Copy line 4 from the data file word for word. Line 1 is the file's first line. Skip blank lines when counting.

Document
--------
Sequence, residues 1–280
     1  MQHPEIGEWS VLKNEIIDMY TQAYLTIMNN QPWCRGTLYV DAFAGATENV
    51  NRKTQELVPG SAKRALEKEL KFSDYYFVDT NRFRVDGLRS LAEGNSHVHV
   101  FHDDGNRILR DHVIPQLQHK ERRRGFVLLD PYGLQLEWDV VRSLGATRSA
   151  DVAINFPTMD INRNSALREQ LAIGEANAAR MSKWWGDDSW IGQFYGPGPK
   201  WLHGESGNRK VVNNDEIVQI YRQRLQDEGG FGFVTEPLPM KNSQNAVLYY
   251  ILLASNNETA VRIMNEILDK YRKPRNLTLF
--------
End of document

   101  FHDDGNRILR DHVIPQLQHK ERRRGFVLLD PYGLQLEWDV VRSLGATRSA